The 2020 presidential election was marked by sparks flying on the debate stage. But there was much, much more happening behind the scenes, far from the public eye: While Donald Trump and Joe Biden sparred in the media spotlight, the Chan Zuckerberg Initiative—an organization spearheaded by the wife of Facebook founder Mark Zuckerberg—was channeling millions of dollars into election offices all around the country.
In total, the Chan Zuckerberg Initiative funneled more than $400 million to election efforts, most of which was siphoned through the Center for Tech and Civic Life (CTCL), a non-profit run by a former Obama fellow.
CTCL distributed hundreds of millions in “Zuckerbucks” to thousands of election jurisdictions in 48 states and Washington, D.C. These funds were pitched as “COVID-19 response grants” intended to simply assist election officials in the safe conduct of elections. However, the reality is much different. From Iowa to Florida, the infusion of Zuckerbucks into Democrat-leaning jurisdictions influenced the outcome of the 2020 presidential election. Indeed, much of the Zuckerbucks were not even spent on COVID-19 related expenses—with states reporting expenditures on advertising, vehicle purchases, registering teenagers to vote, and other nonCOVID-related items.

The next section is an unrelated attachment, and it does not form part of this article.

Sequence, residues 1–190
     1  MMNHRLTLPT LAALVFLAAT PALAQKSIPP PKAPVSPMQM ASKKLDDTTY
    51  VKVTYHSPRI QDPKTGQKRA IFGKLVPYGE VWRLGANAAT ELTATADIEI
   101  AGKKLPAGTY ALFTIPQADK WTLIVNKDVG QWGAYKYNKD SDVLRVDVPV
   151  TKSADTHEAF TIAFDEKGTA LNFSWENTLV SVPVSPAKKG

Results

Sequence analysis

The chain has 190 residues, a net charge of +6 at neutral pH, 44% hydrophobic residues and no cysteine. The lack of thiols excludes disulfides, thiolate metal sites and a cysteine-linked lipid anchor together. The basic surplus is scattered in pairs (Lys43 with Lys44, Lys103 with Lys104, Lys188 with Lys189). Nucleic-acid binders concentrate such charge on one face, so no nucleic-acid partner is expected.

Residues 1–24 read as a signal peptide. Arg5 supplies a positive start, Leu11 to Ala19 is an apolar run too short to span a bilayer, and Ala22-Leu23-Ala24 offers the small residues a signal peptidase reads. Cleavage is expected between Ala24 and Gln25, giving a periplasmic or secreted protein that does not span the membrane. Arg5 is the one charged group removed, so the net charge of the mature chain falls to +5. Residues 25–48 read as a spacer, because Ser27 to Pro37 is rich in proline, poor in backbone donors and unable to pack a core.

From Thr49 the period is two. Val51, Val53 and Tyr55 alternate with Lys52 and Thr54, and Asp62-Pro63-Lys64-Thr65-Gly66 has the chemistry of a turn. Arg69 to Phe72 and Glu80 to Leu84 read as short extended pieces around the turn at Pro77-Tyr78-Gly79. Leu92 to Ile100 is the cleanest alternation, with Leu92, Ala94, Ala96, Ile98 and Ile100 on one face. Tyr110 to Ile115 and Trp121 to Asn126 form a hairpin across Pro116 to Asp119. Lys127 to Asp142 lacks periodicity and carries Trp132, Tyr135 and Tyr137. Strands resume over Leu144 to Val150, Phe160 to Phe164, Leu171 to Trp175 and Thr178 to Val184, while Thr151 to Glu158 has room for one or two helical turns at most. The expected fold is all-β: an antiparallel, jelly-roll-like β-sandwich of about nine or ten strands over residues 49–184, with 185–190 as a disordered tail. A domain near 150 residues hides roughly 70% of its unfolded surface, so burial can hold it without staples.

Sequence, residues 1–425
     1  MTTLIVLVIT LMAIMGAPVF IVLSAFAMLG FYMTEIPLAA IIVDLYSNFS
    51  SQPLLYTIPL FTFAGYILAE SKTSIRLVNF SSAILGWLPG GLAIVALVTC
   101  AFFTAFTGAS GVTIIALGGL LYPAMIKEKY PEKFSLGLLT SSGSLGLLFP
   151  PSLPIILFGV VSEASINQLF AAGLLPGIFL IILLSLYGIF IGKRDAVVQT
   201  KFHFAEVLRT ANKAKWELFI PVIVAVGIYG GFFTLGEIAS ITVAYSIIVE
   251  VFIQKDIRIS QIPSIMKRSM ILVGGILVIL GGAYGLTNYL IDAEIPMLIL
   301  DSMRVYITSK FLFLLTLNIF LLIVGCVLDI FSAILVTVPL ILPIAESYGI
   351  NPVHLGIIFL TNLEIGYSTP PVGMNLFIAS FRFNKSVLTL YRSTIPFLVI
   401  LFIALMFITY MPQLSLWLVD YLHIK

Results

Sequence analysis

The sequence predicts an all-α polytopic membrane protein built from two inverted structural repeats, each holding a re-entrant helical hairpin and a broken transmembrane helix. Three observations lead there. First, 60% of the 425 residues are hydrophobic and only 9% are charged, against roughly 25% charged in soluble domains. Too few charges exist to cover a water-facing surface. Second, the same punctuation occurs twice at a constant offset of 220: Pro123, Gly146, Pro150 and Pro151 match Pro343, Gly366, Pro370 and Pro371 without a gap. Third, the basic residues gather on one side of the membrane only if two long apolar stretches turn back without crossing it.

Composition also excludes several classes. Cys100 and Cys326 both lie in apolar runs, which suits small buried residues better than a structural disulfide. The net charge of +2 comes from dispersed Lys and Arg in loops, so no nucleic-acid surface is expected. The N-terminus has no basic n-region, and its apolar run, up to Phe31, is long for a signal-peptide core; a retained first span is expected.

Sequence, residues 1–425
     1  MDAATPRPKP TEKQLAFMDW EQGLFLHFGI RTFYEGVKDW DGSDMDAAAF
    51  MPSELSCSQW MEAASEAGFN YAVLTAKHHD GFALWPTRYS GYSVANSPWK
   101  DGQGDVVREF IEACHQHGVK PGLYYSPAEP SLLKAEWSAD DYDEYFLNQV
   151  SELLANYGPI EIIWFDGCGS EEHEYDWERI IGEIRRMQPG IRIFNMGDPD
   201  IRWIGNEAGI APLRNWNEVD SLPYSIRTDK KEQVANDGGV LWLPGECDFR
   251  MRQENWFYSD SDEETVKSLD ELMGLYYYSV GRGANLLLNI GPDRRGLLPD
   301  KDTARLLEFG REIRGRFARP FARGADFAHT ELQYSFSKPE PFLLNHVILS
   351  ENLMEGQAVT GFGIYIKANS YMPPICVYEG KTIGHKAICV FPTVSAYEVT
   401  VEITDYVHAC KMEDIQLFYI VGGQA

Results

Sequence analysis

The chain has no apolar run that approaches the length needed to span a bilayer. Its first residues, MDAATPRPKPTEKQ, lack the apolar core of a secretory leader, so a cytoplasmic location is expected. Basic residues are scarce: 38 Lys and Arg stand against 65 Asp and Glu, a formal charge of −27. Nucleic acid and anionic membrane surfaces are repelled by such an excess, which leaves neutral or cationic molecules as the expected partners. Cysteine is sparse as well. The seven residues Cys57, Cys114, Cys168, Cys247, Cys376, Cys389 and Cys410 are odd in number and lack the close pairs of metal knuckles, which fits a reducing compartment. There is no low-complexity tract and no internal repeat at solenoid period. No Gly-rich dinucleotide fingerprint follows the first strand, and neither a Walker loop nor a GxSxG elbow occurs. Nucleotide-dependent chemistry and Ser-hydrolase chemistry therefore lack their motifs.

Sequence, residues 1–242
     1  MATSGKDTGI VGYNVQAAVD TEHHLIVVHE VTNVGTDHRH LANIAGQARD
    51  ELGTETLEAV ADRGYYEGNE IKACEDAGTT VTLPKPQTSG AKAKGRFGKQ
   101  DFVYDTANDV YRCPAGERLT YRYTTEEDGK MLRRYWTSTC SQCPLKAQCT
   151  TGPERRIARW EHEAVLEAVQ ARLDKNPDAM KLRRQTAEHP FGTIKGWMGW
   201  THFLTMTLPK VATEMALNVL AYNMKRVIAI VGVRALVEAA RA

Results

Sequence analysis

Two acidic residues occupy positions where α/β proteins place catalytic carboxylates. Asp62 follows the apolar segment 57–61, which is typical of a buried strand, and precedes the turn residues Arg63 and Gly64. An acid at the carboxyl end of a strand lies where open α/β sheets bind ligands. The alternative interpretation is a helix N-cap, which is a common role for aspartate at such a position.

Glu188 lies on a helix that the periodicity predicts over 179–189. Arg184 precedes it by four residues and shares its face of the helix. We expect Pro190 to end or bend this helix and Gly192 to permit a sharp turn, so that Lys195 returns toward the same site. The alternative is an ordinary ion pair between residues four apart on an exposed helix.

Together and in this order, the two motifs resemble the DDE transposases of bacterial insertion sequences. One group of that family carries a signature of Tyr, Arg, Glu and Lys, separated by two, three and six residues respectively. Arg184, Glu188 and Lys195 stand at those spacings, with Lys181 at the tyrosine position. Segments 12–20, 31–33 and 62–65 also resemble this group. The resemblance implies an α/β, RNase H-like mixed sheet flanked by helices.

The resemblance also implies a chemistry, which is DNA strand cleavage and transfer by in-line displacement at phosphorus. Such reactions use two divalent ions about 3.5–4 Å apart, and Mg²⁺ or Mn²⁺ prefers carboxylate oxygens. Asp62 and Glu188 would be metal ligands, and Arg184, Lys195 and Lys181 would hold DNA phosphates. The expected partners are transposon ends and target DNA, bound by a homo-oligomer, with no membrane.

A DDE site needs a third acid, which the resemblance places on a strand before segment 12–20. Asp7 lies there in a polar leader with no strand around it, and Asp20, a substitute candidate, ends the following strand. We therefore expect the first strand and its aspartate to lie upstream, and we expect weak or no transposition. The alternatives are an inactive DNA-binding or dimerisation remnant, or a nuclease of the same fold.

The pivotal state of Georgia was one of the biggest targets of these funds, ultimately receiving one of the largest allocations of Zuckerbucks in the nation. Unfortunately, these grants had an impact on not only the way the election was conducted, but also on how it turned out.